Townhall Magazine's November Issue Preview: Uber Republicans

Conn Carroll
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Posted: Oct 16, 2014 9:50 AM
Townhall Magazine's November Issue Preview: Uber Republicans

Townhall Magazine's November issue is hitting subscriber mailboxes now! If you want to get the latest original content from Townhall's conservative talent weeks before it goes online, subscribe here now!

Below is an excerpt from Kevin Glass's November cover story, "Uber Republicans."

One of the hottest issues for the national Republican Party in the fall of a midterm election year is... taxi regulation?

It sounds odd, but it’s true. The Republican National Committee has been trying to make a national issue out of Uber, the pseudo-taxi service smartphone app that has experienced explosive growth and many local regulatory fights.

It hasn’t always been about Uber, specifically, but rather the larger issue of disruptive upstart companies undermining the legitimacy of the existing regulatory state. A growing number of Republicans believe this battle can be used to make serious inroads with a younger demographic, which currently skews heavily Democratic.

The Peer-To-Peer Economy
The phrase that pays with venture capitalists and Silicon Valley investors nowadays is “the peer-to-peer economy.” Much has been written about this emerging business model but it can be boiled down to this: Entrepreneurs are using the Internet to connect people directly to each other to exchange goods and services. Think about how eBay lets users sell directly to each other, or how StubHub connects live event fans to re-sell tickets.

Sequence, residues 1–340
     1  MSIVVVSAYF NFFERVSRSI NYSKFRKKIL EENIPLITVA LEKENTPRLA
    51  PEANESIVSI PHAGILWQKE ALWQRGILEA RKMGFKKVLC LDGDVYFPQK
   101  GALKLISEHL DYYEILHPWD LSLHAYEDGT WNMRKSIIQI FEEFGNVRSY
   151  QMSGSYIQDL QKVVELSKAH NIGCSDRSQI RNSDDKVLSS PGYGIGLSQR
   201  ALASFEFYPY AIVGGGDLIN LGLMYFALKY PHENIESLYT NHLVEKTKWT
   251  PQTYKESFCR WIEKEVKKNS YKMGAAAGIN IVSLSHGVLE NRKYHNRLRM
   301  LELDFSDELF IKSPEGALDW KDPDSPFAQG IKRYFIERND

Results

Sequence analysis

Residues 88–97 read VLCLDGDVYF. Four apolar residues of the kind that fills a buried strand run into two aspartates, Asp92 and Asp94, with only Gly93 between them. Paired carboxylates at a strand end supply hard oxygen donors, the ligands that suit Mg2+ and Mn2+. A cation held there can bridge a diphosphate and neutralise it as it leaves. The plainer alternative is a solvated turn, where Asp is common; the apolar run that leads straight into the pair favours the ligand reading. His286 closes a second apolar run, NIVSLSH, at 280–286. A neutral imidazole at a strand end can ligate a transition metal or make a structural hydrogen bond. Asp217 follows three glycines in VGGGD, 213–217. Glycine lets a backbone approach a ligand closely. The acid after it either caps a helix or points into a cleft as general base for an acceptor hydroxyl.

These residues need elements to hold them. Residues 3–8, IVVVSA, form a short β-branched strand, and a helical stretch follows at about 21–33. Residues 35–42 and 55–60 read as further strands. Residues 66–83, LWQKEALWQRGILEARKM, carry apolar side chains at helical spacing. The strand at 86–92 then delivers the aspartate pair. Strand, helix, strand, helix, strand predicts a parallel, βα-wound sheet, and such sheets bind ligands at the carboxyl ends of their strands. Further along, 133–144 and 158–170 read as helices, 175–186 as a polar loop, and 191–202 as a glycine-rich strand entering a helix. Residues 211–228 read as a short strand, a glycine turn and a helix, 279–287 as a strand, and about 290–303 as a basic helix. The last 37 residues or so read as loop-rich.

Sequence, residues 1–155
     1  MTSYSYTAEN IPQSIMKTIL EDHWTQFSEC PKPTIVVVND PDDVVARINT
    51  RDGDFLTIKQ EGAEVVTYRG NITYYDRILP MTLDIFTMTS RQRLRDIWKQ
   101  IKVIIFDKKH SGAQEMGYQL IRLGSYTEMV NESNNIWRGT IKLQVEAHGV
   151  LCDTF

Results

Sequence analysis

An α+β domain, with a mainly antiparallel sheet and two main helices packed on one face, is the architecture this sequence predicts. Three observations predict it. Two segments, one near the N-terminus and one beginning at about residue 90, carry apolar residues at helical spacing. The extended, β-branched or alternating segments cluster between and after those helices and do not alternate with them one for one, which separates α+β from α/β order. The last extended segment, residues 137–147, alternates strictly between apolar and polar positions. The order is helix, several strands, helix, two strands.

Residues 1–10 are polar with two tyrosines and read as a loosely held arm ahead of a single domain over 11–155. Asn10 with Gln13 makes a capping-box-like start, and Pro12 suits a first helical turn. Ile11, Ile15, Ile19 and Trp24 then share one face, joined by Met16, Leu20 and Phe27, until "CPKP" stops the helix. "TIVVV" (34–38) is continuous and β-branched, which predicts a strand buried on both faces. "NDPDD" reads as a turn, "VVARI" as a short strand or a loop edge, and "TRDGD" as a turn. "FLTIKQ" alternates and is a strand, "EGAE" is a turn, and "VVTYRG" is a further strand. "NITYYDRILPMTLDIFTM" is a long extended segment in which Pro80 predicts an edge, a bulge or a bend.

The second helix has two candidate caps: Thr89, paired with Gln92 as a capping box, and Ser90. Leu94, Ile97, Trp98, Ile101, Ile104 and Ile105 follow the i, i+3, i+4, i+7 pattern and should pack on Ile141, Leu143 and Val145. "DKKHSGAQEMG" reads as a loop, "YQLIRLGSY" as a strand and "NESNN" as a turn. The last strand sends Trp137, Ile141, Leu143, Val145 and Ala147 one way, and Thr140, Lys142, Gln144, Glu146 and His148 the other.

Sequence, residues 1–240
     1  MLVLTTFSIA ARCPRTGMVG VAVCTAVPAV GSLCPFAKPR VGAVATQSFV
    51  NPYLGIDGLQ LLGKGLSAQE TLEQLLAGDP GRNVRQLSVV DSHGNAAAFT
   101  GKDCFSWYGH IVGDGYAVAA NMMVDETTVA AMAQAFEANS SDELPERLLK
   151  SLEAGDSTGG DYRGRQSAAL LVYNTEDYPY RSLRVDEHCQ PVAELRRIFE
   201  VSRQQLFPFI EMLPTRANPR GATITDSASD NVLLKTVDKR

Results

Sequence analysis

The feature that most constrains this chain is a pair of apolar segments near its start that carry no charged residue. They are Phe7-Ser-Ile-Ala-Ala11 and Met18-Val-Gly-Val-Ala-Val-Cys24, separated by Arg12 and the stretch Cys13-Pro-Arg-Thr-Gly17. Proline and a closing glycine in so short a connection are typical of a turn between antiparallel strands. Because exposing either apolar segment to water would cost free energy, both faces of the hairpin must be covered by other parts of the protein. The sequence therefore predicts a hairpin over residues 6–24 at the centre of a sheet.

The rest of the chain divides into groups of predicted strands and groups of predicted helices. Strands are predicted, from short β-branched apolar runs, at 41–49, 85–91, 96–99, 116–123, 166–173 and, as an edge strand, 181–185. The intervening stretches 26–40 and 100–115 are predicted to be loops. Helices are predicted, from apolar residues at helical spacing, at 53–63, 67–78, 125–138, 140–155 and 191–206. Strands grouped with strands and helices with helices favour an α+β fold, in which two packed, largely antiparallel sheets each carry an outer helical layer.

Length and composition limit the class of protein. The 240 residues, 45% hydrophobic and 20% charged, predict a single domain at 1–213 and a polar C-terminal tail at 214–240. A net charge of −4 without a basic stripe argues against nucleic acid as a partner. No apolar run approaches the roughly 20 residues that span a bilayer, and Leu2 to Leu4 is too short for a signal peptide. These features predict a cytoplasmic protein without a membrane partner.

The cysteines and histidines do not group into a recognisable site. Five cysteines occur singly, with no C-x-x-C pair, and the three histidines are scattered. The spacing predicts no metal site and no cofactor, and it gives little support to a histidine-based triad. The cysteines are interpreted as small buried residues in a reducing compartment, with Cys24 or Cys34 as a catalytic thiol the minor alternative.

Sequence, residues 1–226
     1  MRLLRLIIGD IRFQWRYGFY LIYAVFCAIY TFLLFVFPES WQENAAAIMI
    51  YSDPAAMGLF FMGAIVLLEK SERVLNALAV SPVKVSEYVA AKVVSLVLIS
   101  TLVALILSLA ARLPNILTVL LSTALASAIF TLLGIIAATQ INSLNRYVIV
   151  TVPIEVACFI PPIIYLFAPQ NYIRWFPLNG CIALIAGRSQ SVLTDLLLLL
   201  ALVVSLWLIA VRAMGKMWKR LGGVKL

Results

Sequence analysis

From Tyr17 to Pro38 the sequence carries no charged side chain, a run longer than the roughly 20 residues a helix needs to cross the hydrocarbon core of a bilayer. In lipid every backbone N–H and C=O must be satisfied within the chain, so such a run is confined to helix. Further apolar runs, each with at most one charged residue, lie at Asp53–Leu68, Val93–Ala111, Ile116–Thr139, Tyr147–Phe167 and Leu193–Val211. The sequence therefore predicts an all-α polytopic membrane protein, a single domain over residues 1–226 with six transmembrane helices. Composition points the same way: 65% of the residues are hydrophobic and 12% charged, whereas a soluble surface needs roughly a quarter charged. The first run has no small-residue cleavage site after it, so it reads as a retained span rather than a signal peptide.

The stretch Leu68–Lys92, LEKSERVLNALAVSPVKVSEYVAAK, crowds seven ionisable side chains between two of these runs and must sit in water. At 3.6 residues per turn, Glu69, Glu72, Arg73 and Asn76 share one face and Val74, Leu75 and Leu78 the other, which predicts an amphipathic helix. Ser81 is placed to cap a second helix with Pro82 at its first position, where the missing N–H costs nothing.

What the peer-to-peer economy does, among other things, is circumvent the government. Re-sold products don’t have to pass safety inspections. Craigslist transactions often pass under the nose of the IRS. But it’s not clear that any of these services are more unsafe than, say, pawnshops or garage sales. Peer-to- peer apps just make these things easier and more available on a wider scale. The Internet makes a yard sale available to the entire country.

Nearly every industry has a “sharing” aspect to it now. EatWith is an app for non-professional chefs to welcome guests into their home. 1000 Tools allows those with home projects to borrow tools from each other rather than renting or buying from a big-box store. TaskRabbit can help you find amateur contractors and other home services. Airbnb lets hosts rent out rooms or their entire homes on a short-term basis to visitors. But the granddaddy of them all—the biggest company and the biggest lightning rod in the industry—is Uber.

Uber is a private car service that competes with traditional taxicabs but with the convenience of a smartphone. You sign up for an account, enter credit card information, and the service will use your phone’s location to find a nearby car. Often, in less than ten minutes, a car will be at your door.

There are a few different levels of service with Uber. The Black Car service is similar to a private limo service—high- end vehicles, privacy, trained drivers. But Uber’s political opponents object most to its UberX service—something closer to ridesharing in which anyone could use their own car to become an Uber driver. ...

You can read the rest of "Uber Republicans" in Townhall Magazine's November issue.